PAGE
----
At the conclusion of The Leavetaking, Patrick Moran, in an effort to rid himself of his guilt-ridden memories of his mother and of his vow, decides to flee Ireland and take refuge in England in the arms of an American woman. While some critics view Patrick's leavetaking as “a lifting of the gloom” McGahern, again, does not leave this reader with that impression. Patrick has not lifted the darkness from Ireland; he simply flees from it. Feeling, as did the younger protagonist in The Dark, that life is nothing more than a direction, a continuing, Patrick has not risen above the Irish aridity and confinement; and while his leavetaking may temporarily lift the shadows from his own life, McGahern, his creator, continues to “imagine Ireland as dark, dank, and dour.”
In his first three novels, then, McGahern articulates the barren spiritual and societal life of Ireland, a land where religious rituals and artifacts have lost their vitality. As a result, its people wither and die questing for the light. They must, it seems either leave Ireland or find a way to live with her.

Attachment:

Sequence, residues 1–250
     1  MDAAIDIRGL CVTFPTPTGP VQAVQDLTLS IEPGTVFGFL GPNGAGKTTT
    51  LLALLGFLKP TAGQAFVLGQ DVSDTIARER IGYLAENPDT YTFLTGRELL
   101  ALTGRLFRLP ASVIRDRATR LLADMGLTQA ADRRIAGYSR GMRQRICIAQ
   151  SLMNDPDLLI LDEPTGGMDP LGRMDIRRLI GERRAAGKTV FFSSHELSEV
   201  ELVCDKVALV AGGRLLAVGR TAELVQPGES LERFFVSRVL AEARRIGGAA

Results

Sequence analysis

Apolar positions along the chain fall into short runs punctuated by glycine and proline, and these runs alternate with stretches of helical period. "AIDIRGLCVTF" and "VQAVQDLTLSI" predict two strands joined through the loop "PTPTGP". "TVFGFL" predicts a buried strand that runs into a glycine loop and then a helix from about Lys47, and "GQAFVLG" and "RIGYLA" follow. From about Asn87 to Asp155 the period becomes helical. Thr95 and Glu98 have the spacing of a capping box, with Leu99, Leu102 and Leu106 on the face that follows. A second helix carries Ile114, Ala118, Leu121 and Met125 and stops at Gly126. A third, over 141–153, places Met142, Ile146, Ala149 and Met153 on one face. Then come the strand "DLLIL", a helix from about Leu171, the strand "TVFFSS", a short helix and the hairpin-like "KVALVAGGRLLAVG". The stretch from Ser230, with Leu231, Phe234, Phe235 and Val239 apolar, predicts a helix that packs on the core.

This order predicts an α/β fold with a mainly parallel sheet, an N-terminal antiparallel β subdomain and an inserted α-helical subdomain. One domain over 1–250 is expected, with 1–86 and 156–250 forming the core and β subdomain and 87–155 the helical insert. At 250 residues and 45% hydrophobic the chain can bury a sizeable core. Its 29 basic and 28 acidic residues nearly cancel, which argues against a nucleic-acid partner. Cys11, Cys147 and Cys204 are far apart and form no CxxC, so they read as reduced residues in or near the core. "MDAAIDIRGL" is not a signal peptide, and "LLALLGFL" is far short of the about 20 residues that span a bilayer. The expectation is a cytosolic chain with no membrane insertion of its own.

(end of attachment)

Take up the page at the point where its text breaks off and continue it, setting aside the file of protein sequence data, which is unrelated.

In his fourth and latest novel, The Pornographer, McGahern's vision becomes more optimistic. Irish society, which had been bleak, dark and constricting in the earlier novels, takes on a brighter, more hopeful hue. In the novel, after a series of compounding events, McGahern's nameless protagonist begins to realize that he has not acted properly in his life, that he has “let the light of imagination almost out.” He realizes that life cannot be a continual series of leavetakings from his problems. Realizing for the first time that one road is not so good as any other, McGahern's protagonist decides to follow one road, a road that leads him back to the Irish countryside—the countryside the protagonists in the earlier novels could not wait to escape. While there, his perception of rural Ireland changes; he realizes that “deep down [he] loves his country no matter how bleeding awful it is.” Thus, he decides to stay, to propose marriage to an Irish Catholic farm girl, and to return to his inherited farm. McGahern's vision, then, comes full circle; his protagonist lifts the darkness from “the landscape of inhibition” with the light of imagination. In his fourth novel, McGahern has resolved the problems announced and developed in the earlier works. In The Pornographer, the protagonist affirms Ireland with all her attendant problems; through “memory becoming imagination,” his perception of rural Ireland changes, and he allows himself a chance at happiness in the Irish countryside.3